Domestic Violence Unit

The Vancouver Police Department is actively involved in a coordinated community response against Domestic Violence that includes participation in the Clark County Domestic Violence and Sexual Assault Task Force and the Washington State Coalition Against Domestic Violence Fatality Review. The Vancouver Police Department has a newly expanded Domestic Violence unit which includes a Sergeant, three Detectives and  Probation Officers.

For victims who are concerned about the pending release of an offender we invite you to visit the VINELINK website. VINELink is the online version of VINE (Victim Information and Notification Everyday), the National Victim Notification Network. This service allows crime victims to obtain timely and reliable information about criminal cases and the custody status of offenders 24 hours a day. Victims and other concerned citizens can also register to be notified by phone, email or TTY device when an offender's custody status changes. Users can also register through their participating state or county toll-free number.

The U.S Immigration and Customs Enforcement (ICE), Homeland Security Investigations (HSI) also provides eligible victims and witnesses access to information regarding a criminal alien's release from custody. Visit Victim Notification on the ICE website for more information. 

Domestic Violence Myths, Facts & Statistics

Myth: Battering is only a momentary loss of temper.

Fact: Battering is the establishment of control and fear in a relationship through violence and other forms of abuse. The batterer uses a series of behaviors, including acts of violence, intimidation, threats, psychological abuse, isolation, etc., to coerce and to control the other person. The violence may not happen often, but it may remain as a hidden and constant terrorizing factor.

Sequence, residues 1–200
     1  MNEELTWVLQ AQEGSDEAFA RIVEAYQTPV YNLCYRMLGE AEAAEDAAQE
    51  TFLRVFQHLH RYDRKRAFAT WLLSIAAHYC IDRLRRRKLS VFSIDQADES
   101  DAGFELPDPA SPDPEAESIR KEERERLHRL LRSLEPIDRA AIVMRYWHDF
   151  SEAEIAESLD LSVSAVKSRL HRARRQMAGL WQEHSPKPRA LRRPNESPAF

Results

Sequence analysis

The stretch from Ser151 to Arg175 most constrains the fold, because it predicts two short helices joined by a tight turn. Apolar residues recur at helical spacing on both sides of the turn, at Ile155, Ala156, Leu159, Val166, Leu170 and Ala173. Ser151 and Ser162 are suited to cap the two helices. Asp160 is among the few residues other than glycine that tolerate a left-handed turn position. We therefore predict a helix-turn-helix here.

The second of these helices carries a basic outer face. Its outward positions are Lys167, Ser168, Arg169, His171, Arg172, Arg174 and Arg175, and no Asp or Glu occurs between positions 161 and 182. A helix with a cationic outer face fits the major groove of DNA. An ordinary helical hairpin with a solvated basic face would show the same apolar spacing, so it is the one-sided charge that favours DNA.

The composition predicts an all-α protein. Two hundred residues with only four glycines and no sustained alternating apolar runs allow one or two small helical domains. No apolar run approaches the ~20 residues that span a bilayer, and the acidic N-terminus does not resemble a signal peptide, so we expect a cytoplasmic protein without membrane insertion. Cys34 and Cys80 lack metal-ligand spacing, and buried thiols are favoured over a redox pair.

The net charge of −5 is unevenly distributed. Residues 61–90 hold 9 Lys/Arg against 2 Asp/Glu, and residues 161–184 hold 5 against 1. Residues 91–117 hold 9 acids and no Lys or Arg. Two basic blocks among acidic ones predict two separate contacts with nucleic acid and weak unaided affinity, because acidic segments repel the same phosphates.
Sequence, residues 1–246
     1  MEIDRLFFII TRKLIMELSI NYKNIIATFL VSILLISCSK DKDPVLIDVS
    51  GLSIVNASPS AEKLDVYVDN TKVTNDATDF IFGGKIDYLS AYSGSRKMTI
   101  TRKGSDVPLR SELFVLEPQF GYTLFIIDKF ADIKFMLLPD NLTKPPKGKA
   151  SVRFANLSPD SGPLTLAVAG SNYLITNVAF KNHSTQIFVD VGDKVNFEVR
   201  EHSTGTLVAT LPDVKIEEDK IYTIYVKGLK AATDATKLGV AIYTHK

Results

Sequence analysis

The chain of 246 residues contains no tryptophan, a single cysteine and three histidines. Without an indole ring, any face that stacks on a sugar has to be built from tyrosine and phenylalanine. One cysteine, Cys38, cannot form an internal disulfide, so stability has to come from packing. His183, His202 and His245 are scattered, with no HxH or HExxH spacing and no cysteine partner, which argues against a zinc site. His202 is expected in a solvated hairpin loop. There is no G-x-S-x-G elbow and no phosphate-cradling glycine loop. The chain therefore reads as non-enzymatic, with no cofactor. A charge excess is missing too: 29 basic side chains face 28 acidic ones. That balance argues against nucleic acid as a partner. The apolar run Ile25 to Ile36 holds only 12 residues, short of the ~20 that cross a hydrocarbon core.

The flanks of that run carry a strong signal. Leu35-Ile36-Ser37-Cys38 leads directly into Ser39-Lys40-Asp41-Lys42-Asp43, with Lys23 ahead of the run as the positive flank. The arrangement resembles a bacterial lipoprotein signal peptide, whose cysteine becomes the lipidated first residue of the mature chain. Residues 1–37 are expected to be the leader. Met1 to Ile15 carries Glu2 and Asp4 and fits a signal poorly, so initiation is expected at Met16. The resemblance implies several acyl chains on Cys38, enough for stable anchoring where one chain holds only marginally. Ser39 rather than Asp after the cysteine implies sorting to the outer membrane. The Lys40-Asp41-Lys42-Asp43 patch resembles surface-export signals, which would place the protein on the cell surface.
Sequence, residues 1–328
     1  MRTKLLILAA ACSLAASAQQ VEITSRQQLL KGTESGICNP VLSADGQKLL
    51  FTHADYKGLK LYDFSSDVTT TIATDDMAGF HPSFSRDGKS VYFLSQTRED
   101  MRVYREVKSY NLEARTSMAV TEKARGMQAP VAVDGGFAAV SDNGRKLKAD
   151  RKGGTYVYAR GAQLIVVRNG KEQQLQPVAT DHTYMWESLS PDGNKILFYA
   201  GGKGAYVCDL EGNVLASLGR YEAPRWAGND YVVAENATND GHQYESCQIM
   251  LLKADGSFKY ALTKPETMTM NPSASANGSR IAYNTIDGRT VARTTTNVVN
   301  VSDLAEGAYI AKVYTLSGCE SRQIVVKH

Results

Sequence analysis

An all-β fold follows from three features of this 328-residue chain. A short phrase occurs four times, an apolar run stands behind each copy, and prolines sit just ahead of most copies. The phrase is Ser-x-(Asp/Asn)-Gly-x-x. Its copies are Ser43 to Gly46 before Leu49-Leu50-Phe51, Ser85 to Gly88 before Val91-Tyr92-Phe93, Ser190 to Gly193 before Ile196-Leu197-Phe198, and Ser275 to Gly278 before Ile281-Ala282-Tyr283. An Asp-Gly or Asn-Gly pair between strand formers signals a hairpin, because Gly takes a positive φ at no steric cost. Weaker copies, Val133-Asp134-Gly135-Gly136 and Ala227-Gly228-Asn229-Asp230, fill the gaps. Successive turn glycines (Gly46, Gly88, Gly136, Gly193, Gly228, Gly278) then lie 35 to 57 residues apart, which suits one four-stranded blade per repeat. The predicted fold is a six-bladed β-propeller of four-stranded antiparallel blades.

Myth: There isn't any real violence going on in my relationship; my partner has never bruised me or hit me with a closed fist.

Fact: Any unwanted touching is a form of violence. Forced affection, pinches, slaps, shoves, and other unwanted physical contact are violent acts.

Myth: I can't say there is any real violence in this relationship because my partner has never been physically abusive.

Fact: Any behavior that is used to control another person can be considered as violent. Verbal, emotional, and mental abuse are forms of violence that are as harmful as physical violence--and the effects are usually longer lasting.

Myth: Domestic violence does not affect many people.


  • In the U.S. a woman is beaten every 15 seconds and over 850,00 men are physically assaulted by an intimate partner each year.
  • Domestic violence is the leading cause of injury to women between the ages of 15 and 44 in the U.S.--more than car accidents, muggings, and rapes combined.
  • Men are also often the victims of domestic violence. There is a general assumption that men are the violent partners, but statistics indicate that violence against male partners occurs in both same-sex, and male/female relationships
  • Battered women are more likely to suffer miscarriages and to give birth to babies with low birth weights.
  • 63% of the young men between the ages of 11 and 20 who are serving time for homicide have killed their mother's abuser.

Myth: The term "domestic violence" refers to wife beating.


  • Because of this myth, many victims of domestic violence, especially men, are unwilling to report the abuse, believing they have no resources available to them. They may be isolated from friends and family, as well as embarrassed by a situation they feel they are responsible for themselves. Men are entitled to the same protections as women when they are assaulted, and deserve strong legal counsel who will fight for their rights, and work to protect them against abusive partners.
  • Domestic violence can affect anyone regardless of age, gender, sexual orientation, marital or social status, or religious preference.

Myths and facts were taken from the YWCA of Clark County's SafeChoice pamphlet "Love Shouldn't Hurt"  and the US Department of Human Services and US Department of Justice statistics.

MOSIAC Threat Assessment:

Click the link to take the MOSIAC assessment


YWCA of Clark County:
3609 Main Street
Vancouver, WA 98663

General: 360-696-0167
Toll Free: 1-800-695-0167
360-695-0501 Hotline

The YWCA domestic violence shelter provides emergency shelter to a woman or a man with or without children fleeing physical, emotional, and verbal abuse.

National Domestic Violence Hotline:
1-800-799-SAFE (7233) or
TTY 1-800-787-3224.

Washington State Coalition Against Domestic Violence:

Washington State Domestic Violence Hotline

Safety alert: Computer use can be monitored and is impossible to completely clear. If you are afraid your internet and/or computer usage might be monitored, please use a safer computer, call your local hotline at the YWCA Safe Choice (360)-695-0501 , and/or call the Washington State Domestic Violence Hotline at 1-800-562-6025.

YWCA Clark County
3609 Main Street
Vancouver, WA 98663